he went to rehab and got himself together, went to trade school got married and has two wonderful kid's he's now 34, we may be the exception not the rule! i could go on, my point being that it's possibly one way to deal with the cartel's, thinking maybe if there was less drugs on the street and harder to access these drugs for the gang's who push them, btw i'm 57 and have seen many bad thing's especally the effects of alcohol and tobacco
edit on 03 08 2017 by TimHeller because: punctuation and sentence structure

edit on 03 08 2017 by TimHeller because: added a word



posted on Nov, 6 2019 @ 04:50 PM
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originally posted by: lakenheath24
Dont be stupid.
I didnt feel like typing all that out.

a reply to: Veryolduser



Ok so I’m supposed to figure it out based off your online personality “that I don’t know” and also that your to lazy and leave things to simplified statements. Got ya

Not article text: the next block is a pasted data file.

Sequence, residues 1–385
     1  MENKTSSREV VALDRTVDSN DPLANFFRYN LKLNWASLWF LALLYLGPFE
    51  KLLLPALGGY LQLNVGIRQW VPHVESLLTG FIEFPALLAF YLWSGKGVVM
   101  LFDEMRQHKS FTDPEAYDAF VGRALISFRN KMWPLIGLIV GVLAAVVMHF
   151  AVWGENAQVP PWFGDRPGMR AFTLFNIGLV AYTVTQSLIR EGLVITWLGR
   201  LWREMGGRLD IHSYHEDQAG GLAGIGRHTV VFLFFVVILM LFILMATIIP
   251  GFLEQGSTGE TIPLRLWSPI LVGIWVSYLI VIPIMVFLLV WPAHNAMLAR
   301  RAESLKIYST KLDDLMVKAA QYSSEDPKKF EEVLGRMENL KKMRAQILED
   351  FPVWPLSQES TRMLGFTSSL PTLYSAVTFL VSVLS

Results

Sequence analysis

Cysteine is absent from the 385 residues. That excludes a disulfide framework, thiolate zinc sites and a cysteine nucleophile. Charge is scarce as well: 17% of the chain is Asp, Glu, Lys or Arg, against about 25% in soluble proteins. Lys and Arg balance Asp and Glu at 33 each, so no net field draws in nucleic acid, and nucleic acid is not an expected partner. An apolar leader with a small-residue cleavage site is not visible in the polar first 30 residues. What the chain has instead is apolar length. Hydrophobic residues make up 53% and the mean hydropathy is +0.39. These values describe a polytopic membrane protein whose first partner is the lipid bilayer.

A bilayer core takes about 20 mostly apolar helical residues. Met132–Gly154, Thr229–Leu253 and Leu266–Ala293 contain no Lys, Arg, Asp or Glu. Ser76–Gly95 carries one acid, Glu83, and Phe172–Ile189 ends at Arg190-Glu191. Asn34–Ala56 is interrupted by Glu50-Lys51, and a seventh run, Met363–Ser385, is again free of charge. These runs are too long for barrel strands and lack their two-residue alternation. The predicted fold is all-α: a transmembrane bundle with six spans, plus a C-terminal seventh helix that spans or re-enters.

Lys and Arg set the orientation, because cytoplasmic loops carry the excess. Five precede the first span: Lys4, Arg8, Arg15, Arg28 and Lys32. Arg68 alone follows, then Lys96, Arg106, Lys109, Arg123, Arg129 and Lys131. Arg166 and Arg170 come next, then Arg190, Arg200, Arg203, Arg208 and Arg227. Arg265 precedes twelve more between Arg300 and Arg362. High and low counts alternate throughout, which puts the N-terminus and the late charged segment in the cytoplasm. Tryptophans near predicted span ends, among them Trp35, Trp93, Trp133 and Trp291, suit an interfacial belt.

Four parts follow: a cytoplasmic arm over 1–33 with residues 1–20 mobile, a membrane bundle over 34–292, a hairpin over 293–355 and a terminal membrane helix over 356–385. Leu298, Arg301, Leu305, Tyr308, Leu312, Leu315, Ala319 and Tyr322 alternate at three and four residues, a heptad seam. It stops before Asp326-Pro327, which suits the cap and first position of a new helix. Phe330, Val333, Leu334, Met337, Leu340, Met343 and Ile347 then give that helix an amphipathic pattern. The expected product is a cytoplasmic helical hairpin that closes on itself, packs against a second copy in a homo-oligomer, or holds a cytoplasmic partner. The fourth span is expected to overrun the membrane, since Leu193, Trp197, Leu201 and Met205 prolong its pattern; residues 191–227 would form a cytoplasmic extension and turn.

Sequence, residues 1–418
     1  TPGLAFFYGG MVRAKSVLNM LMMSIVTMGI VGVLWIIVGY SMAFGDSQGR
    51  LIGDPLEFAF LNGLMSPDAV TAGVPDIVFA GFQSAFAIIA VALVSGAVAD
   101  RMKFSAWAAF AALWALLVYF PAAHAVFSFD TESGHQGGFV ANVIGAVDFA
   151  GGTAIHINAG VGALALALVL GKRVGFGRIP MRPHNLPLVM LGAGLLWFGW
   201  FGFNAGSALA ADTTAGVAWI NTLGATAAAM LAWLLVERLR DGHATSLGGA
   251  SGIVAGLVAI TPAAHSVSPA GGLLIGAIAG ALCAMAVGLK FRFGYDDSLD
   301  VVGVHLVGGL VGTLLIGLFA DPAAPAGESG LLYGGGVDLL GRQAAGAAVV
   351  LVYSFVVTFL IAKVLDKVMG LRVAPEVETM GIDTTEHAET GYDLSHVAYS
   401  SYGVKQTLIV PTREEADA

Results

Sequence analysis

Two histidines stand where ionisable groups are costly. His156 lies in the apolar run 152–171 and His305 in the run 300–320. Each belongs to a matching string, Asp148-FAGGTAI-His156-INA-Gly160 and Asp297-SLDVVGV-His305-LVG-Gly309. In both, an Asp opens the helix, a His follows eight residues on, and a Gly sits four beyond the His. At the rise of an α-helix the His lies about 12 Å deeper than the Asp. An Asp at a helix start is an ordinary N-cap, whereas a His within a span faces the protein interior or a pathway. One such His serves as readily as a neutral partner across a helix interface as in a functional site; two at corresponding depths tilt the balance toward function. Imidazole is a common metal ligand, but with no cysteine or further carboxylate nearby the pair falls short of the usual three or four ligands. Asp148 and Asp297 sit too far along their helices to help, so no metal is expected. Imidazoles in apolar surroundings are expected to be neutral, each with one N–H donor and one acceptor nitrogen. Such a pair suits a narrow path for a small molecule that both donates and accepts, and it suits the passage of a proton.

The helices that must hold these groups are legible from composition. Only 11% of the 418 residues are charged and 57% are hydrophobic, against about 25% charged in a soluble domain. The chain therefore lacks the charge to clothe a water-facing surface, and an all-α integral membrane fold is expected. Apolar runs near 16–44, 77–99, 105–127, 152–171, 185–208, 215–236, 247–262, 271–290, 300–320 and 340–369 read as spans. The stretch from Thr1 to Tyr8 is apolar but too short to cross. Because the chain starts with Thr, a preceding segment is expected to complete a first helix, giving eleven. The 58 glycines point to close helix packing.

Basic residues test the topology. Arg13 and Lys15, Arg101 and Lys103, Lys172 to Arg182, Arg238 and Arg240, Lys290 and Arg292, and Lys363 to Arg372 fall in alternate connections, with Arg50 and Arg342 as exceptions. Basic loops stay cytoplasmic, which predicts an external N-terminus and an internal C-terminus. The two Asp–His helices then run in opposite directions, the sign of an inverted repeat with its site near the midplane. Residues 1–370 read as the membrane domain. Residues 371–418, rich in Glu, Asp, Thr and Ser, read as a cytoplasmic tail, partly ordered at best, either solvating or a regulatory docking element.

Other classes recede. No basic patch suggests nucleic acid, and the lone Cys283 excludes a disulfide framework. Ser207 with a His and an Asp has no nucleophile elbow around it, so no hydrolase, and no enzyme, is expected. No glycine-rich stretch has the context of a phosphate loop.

posted on Nov, 6 2019 @ 04:50 PM
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originally posted by: lakenheath24
Dont be stupid.
I didnt feel like typing all that out.

a reply to: Veryolduser


Double post for some reason
edit on 6-11-2019 by Veryolduser because: (no reason given)



posted on Nov, 6 2019 @ 04:50 PM
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a reply to: Waterglass

There are only 2 possible solutions.
1. When it crosses into the United States, shoot to kill and sentence to execute. Otherwise, let Mexico deal with Mexican social failures.
2. Place Mexico under US conservatorship and send in the military, roll a phalanx that stretches unbroken from Tijuana to Matamoros and marches/rides south to the wall Mexico built to keep illegal Guatemalans out of their country. If it looks like a cartel member or a banger, shoot it... if it appears to have been constructed with cartel or banger pesos, burn it to the ground... if it takes a posture of defiance against the orderly clean up, drive right over the top of it. This nonsense would end quickly.